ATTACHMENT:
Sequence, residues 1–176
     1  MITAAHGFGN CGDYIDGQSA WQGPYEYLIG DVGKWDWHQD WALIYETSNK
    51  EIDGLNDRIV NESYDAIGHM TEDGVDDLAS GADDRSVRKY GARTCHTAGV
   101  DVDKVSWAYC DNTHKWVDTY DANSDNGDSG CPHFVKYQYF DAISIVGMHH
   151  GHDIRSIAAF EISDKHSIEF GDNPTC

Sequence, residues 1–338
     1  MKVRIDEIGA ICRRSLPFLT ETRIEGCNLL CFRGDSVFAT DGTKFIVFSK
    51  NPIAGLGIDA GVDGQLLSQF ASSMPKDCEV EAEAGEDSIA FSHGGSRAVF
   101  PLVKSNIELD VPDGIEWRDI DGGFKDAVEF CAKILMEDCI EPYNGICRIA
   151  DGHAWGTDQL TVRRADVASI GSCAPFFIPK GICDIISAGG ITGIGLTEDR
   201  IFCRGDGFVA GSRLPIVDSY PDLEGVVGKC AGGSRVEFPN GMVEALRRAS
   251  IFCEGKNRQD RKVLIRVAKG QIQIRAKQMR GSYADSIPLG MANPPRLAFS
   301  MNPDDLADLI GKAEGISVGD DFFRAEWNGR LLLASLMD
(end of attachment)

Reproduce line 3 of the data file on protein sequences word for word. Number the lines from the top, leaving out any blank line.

    51  EIDGLNDRIV NESYDAIGHM TEDGVDDLAS GADDRSVRKY GARTCHTAGV